Death of a colossus

2012-12-02 10:00

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Former Chief Justice Arthur Chaskalson (81) dies of cancer

South Africa yesterday staggered under the news that Judge Arthur Chaskalson had passed away.

“As South Africa, we have lost a point of reference”, said friend and former Chief Justice Pius Langa.

An internationally acclaimed legal mind, Chaskalson represented former president Nelson Mandela during the Rivonia Trial.

He was admitted to Milpark Hospital with leukaemia about two weeks ago, and passed away yesterday morning.

Chaskalson was appointed by Mandela as the first president of the Constitutional Court, and later the second chief justice when the two positions were combined.

His death was met with shock.

Langa said the way “he presided over cases, his gentleness as a human being, his integrity in leading that great institution, the Constitutional Court, made it what it is today”.

Lifelong friend and colleague George Bizos said he visited Chaskalson in hospital recently. “He wanted to know how the Marikana case was going.

I asked the doctor what the prognosis was. He shrugged his shoulders and shook his head, and that meant to me he had not too many days to live.”

Former Constitutional Court Judge Yvonne Mokgoro, who served with Chaskalson, said his work as a defence lawyer “contributed to the achievement of the aims of the struggle; he was actually a struggle veteran”.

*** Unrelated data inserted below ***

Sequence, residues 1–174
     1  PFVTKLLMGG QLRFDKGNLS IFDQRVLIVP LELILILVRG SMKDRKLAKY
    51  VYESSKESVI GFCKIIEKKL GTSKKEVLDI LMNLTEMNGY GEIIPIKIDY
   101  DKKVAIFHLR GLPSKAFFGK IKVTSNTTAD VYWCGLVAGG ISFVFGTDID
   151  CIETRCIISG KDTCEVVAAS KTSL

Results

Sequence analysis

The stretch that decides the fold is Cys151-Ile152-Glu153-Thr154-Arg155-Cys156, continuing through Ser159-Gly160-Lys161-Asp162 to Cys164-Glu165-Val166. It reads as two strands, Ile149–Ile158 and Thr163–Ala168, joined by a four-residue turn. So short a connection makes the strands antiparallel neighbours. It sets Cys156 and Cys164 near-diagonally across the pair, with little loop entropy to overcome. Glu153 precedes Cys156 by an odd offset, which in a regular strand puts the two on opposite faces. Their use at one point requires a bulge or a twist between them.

Nobel Prize-winning author Nadine Gordimer described Chaskalson as a person who “was so alive, not in a flamboyant way, but in such a deep, wonderful and encouraging way”.

Gordimer said that Chaskalson always believed that things could get better and “never despaired”.

“He never faltered, never retreated into a personal life, he always belonged to all of us,” Gordimer said, describing Chaskalson as a close friend, who was also “everybody in South Africa’s friend; he stood for justice for all”.

Justice Edwin Cameron said Chaskalson was a “formidable man, both intellectually and morally”.

“He was enormously hard-working and had a rigorous moral temperament. Chaskalson was the only colleague I went to see, before my appointment as a judge in 1994, to say I have HIV and he encouraged me to apply and to make public my statement on my HIV status at the Judicial Service Commission interview.”

Civil society activist Dr Mamphela Ramphele said Chaskalson had set a very high standard for jurists.

“In Arthur we have lost a giant in the legal history of this country. His enormous contribution as an advocate, and later as a jurist, are without peer.”

Chief Justice Mogoeng Mogoeng praised Chaskalson’s continued participation in the development of the judiciary.

“Chief Justice Chaskalson’s contribution and passion for the development of the country’s jurisprudence and its legal institutions cannot be overemphasised and will forever be cherished.

“He was a fine human being, a good teacher and a man of immense integrity who was renowned the world over as a great leader and champion of human rights,” Mogoeng said.

President Jacob Zuma has also extended his condolences to Chaskalson’s family.

“Arthur Chaskalson’s life embraced a courageous role in the fight against apartheid, in our negotiated transition and the shaping of our constitutional democracy,” the president said.

He is survived by his wife Lorraine and sons Matthew and Jerome.

– Additional reporting by Mandy Rossouw and Adriaan Basson

- City Press

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